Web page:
ANPEa conference of Jehovah’s Witnesses in the Jaarbeurs in 2019
NOS Nieuws•vandaag, 10:15
Jehovah’s Witnesses are suing the Dutch State for discrimination. A spokesperson confirmed this after reporting in Trouw. The Witnesses believe it is unfair that only their dealings with sexual abuse have been investigated, while other religious groups are not taken into account.
The Jehovah’s Witnesses refer to research conducted by Utrecht University in 2020. It showed that reports of abuse were not handled properly. Those who reported the sexual abuse only to parents or elders within the community gave an average grade of 3.3 to the handling of the incident.
The participants in the study blame the unsatisfactory approach on the closed culture of Jehovah’s Witnesses. The elders are focused on keeping the community together and quickly strive for reconciliation between perpetrator and victim. In addition, the aftercare for the abuse victim remains underexposed. Nearly half of the abuse cases involved incest.
The legal process of Jehovah’s Witnesses is not well received by the Reclaimed Voices foundation. This foundation stands up for victims of sexual abuse within closed communities.
“This means that Jehovah’s Witnesses do not want to take the results of the research seriously, says Raymond Hintjes, chairman of the foundation, in the NOS Radio 1 Journaal. “They are much more concerned with protecting their own reputation instead of the stories of victims who indicate that they have been duped.”
According to Hintjes, it is not surprising that the research by Utrecht University only focused on this religious group. “There was also reason for this. There had been a number of media reports about sexual abuse within the circles of Jehovah’s Witnesses. Subsequently, there were discussions with the State, both by the Jehovah’s Witnesses and representatives of our foundation.”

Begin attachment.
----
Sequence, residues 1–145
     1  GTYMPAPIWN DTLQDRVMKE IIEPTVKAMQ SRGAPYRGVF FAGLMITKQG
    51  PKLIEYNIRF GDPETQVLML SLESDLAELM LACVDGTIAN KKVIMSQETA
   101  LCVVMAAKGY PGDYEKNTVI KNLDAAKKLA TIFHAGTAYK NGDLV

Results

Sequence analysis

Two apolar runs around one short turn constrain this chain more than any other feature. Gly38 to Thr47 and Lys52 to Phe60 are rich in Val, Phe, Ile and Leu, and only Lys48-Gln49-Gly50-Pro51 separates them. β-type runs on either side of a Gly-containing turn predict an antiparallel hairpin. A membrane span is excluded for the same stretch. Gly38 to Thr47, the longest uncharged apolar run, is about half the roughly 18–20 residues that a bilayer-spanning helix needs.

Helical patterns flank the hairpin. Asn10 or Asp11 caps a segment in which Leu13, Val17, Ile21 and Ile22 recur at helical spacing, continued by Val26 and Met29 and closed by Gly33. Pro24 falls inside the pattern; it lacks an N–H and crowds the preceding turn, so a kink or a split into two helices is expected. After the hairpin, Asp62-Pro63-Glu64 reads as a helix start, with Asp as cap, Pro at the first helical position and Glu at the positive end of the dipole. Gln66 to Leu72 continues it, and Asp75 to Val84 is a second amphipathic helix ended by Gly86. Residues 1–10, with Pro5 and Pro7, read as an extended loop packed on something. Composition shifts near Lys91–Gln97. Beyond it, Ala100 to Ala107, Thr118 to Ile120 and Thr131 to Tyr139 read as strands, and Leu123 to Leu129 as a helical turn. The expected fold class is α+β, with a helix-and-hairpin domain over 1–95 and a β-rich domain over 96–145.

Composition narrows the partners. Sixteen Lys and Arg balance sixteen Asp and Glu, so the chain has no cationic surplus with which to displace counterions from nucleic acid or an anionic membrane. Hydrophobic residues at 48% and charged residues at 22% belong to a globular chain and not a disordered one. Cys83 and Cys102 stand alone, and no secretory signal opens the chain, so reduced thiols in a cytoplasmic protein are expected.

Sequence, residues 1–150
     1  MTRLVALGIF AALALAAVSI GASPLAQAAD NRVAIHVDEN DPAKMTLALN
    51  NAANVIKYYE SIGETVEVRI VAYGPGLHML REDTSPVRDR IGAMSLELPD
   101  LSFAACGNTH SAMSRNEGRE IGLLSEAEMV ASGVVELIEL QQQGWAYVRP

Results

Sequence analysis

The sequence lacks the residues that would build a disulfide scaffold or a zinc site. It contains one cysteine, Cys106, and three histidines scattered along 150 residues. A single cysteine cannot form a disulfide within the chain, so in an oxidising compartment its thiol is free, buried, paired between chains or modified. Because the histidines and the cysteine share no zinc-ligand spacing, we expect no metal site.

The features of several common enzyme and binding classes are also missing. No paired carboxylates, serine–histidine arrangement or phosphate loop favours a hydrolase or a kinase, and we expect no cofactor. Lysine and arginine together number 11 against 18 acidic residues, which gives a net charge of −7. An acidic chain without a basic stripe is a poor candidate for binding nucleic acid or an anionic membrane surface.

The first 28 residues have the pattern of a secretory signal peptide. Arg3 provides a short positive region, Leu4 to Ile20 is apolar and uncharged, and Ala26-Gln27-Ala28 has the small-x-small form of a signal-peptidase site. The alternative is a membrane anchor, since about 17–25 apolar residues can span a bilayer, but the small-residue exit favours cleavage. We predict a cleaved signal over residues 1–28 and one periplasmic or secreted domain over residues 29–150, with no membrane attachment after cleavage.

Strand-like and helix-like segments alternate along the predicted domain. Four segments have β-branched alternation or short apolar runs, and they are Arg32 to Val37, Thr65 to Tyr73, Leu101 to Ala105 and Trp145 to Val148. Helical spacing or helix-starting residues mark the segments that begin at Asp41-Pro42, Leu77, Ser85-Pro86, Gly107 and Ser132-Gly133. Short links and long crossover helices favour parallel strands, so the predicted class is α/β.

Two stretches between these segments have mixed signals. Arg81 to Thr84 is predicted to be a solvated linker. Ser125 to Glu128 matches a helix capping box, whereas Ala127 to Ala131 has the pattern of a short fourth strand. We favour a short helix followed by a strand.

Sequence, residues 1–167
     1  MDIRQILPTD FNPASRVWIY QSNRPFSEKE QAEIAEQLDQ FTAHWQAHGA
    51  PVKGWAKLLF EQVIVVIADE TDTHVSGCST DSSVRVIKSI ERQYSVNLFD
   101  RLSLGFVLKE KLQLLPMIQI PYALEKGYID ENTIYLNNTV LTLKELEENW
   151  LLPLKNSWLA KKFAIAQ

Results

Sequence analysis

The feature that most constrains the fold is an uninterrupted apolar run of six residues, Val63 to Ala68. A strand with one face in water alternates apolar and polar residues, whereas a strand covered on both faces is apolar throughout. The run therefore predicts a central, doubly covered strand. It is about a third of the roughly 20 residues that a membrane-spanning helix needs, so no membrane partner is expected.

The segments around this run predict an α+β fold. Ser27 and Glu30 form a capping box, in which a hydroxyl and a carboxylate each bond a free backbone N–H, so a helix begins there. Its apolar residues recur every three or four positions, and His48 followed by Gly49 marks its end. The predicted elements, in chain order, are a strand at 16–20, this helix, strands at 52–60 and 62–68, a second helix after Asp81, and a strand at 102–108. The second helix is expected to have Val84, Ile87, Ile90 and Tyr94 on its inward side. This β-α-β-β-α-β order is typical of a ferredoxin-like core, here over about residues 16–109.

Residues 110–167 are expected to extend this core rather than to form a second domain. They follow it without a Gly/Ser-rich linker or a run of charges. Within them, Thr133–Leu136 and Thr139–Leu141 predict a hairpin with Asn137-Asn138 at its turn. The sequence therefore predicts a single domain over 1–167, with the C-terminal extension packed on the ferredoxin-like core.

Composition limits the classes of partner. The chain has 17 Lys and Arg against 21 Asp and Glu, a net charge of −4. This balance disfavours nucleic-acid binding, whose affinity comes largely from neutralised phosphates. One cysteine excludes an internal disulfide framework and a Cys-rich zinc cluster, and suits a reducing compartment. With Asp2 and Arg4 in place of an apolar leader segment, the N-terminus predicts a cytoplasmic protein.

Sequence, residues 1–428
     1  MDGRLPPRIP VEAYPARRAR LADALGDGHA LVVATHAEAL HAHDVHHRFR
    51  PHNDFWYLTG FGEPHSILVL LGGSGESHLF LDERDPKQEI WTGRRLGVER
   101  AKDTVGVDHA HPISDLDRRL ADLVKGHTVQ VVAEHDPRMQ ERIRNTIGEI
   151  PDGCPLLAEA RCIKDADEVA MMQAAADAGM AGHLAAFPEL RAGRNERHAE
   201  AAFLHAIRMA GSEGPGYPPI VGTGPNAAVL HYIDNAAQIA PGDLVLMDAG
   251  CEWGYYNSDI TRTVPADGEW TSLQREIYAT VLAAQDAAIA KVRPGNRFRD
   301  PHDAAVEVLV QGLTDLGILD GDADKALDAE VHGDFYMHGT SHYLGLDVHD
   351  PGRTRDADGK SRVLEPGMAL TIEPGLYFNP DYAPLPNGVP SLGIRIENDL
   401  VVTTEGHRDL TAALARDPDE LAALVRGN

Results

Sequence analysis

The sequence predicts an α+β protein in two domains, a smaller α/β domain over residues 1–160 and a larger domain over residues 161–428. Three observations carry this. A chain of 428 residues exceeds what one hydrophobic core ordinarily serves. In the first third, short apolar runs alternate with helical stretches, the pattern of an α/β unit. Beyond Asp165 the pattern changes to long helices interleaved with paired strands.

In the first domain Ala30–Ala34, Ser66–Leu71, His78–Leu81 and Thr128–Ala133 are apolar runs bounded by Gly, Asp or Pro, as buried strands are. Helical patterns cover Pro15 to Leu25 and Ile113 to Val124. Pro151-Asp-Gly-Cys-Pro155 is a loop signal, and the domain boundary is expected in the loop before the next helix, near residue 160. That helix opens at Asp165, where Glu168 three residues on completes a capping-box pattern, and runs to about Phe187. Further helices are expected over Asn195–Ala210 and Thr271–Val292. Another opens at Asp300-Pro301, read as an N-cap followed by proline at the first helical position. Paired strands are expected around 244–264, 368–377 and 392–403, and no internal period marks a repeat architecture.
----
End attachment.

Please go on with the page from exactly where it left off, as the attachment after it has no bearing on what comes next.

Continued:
Reclaimed Voices has indicated that the way the group deals with sexual abuse could be detrimental to victims, says Hintjes. “We then also said that people should not rely solely on our story, but that independent research should be conducted. And since it was about Jehovah’s Witnesses, it seems obvious to me that you should investigate what was said about Jehovah’s Witnesses. is becoming.”
Hintjes calls the timing of the lawsuit remarkable. “About four years after the publication of the study, a lawsuit was filed with that argument, while the same argument also applied when the study was conducted. They ultimately participated in the study, but when it was to be published and the results did not like the research, they opposed publication. They then lost the summary proceedings initiated.”
According to Hintjes, the religious community chooses to dismiss stories from victims of abuse as stories from disgruntled ex-members who are out to discredit Jehovah’s Witnesses. “They could use the results to improve abuse policy, but instead they are fighting a legal battle. In doing so, they ignore the stories and the victims of abuse do not receive recognition.”
The judge will make his ruling on Wednesday.